Ron and Lexie say there have been many sleepless nights during the history of their business as they managed the various twists and turns but more so in the last 12 months as they worried about the fate of the dozen or so employees that were part of the business.

“Everyone of those people now has a job,” Ron says with relief.

“We’ve had some good men over the years, one of the things I am happiest about is that we gave dozens and dozens of young fellows their start.”

Ron, Lexie and I chat at the end of a long day, Ron is dirty, bleeding and in bright orange hi-viz having just knocked off. If he wasn’t chatting to me he’d be having a beer – I am regrettably polite and knocked back the earlier invitation to have one.

Lexie is surrounded in cream and orange wool finishing another wrap, comfortable in her deserved new home, talking of perhaps taking a bus trip holiday.

Their daughter Leanda has just left and promised to return for coffee in the morning.

This is a rich family, but not because they have just cashed in their life’s work.

“I am a wealthy man Ian, my family stuck together, the business and our music is a big part of that,” Ron says.

*About Regional content happens because of the support of members – thank you to the Bega Valley Regional Learning Centre, Doug Reckord, Wendy and Pete Gorton, Bronnie Taylor, Amanda Dalziel, and Tabitha Bilaniwsky-Zarins.

Tourism showcase highlights local landmarks to global travel agents

Overseas travel agents dining at Fat Tony's Tathra. Photo: Gang Gang Tours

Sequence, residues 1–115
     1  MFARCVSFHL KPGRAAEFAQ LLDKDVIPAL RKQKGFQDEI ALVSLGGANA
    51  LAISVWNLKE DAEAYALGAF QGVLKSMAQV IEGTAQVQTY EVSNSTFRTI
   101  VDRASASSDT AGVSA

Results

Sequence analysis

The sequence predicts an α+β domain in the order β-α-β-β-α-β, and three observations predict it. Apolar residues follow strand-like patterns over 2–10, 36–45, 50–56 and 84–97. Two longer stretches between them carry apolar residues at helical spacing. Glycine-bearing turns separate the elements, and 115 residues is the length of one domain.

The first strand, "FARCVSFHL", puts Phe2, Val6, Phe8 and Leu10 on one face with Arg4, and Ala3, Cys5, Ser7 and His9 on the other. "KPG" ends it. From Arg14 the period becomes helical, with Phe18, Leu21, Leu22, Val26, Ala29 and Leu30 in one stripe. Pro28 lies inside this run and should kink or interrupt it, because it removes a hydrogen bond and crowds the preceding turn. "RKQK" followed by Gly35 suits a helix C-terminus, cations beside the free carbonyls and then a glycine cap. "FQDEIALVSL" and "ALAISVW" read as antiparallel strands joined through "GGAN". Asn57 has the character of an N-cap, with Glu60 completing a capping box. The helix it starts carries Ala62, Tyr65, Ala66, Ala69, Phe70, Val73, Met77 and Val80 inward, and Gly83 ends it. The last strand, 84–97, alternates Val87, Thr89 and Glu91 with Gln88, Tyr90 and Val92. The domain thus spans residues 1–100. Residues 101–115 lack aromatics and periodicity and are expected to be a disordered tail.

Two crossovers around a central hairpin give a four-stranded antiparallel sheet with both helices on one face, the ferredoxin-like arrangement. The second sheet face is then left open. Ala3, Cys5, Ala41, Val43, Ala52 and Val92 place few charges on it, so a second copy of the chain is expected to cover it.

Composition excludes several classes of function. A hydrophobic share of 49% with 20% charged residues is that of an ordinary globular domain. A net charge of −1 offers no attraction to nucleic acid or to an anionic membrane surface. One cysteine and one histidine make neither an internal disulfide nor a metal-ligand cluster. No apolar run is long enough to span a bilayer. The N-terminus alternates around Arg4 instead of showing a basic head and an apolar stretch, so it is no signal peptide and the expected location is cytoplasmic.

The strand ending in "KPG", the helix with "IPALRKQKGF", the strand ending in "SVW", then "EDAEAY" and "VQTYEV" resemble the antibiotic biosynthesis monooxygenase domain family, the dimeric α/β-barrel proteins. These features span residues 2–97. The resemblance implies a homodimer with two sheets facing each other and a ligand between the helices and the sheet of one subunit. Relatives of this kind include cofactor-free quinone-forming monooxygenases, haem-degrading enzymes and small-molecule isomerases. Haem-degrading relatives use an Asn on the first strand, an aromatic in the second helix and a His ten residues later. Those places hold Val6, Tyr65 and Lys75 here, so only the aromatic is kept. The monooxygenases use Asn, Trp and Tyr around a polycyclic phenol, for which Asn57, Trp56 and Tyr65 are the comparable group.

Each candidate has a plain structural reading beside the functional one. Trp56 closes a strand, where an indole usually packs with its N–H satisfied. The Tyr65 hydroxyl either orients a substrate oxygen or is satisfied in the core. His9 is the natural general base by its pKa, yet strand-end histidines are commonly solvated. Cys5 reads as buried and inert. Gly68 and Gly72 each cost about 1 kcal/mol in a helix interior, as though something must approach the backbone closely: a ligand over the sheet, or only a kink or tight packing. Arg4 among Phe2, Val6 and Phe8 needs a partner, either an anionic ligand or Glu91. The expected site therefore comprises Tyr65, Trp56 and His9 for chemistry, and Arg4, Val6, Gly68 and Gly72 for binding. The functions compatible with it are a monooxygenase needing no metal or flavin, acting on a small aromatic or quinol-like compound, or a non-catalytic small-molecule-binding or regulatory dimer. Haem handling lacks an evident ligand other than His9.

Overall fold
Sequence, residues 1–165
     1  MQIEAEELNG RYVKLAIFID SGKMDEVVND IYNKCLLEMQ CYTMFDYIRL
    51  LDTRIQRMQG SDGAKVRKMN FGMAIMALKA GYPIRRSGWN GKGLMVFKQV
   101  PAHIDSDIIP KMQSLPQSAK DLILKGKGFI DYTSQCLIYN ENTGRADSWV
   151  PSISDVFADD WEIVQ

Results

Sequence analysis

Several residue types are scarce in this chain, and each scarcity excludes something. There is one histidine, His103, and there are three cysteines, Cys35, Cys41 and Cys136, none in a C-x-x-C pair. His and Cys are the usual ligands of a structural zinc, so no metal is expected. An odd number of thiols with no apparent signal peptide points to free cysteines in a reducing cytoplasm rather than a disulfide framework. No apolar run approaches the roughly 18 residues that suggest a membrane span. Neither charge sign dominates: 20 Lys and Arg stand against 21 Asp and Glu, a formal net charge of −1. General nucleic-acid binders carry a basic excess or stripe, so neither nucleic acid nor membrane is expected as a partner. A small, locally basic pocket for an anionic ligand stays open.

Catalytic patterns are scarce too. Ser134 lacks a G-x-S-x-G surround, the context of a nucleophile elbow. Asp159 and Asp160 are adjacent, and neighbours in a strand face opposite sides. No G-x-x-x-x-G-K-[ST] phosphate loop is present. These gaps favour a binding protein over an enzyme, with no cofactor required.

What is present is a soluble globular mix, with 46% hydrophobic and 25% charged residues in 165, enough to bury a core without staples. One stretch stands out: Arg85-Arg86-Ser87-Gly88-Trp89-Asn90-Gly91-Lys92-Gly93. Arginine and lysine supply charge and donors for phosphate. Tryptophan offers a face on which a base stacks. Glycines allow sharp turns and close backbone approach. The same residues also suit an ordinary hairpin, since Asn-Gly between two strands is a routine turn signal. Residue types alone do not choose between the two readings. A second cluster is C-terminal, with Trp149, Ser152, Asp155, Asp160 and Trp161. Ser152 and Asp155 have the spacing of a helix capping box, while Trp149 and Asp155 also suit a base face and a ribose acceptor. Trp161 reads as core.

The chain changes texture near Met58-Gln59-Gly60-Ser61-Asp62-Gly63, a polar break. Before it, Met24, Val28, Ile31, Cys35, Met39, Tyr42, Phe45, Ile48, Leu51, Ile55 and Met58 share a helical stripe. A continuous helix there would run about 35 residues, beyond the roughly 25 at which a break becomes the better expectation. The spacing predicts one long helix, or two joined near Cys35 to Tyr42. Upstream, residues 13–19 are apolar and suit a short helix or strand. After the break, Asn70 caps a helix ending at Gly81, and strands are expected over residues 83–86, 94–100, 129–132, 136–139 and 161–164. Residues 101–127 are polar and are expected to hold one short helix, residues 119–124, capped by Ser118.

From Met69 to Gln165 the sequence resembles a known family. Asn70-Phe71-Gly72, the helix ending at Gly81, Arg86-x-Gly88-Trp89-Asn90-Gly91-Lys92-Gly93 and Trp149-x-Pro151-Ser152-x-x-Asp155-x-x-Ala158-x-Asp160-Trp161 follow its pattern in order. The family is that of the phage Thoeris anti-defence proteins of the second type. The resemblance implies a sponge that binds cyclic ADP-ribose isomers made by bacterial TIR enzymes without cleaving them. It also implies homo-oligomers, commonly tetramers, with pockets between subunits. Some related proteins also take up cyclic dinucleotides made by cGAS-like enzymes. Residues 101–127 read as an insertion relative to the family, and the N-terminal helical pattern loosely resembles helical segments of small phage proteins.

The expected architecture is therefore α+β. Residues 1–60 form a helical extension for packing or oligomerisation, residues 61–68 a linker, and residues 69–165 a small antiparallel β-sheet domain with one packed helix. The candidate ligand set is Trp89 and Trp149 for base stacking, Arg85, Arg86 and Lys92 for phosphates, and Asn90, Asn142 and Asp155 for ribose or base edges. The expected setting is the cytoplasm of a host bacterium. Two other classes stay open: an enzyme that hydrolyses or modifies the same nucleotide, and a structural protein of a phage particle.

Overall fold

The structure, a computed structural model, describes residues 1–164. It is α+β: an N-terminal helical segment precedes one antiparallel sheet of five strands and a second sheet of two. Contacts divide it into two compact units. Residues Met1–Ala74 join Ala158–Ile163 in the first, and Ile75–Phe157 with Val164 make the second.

Overseas travel agents dining at Fat Tony’s Tathra. Photo: Gang Gang Tours

Foreign travel agents have just experienced a free Eurobodalla and Bega Valley holiday – all in the name of research for their customers back home.

Not a bad gig!

NSW Tourism Minister, Adam Marshall says, “We want to ensure that international travel agents are well informed about Australia’s number one state for tourism.”

“Helping put money into local pockets and boosting local economies,” Mr Marshall says.

Called familiarisation tours within the tourism trade or “famils”, three parties of 31 agents from America, the United Kingdom, Italy, and France have just sampled, South Coast Sea Planes, Montague Island Discovery Tours, Ngaran Ngaran Cultural Tours, Bodalla Dairy Shed, Drift Eden, and Tathra Beach House Apartments – among a host of other local attractions.

“These groups are specialist travel salespeople who will now understand our region better, this experience will help them sell our region,” says Anthony Osborne, Executive Officer of Sapphire Coast Tourism.

The three local famils hosted by Destination Southern NSW were part of a group of six tours that sprung from a trade event on the Gold Coast run by Tourism Australia, and follow on from famils to the Snowy Mountains in May and June with 26 participants.

Sea kayaking with Region X at Batemans Bay. Photo: Kerrie-Anne Benton
Sea kayaking with Region X at Batemans Bay. Photo: Josh Waterson 

“Two of the groups travelled to the South Coast from Sydney, the other from Canberra,” Mr Osborne says.

Eurobodalla Tourism Marketing Coordinator, Kerrie-Anne Benton, says the agents loved their South Coast experience.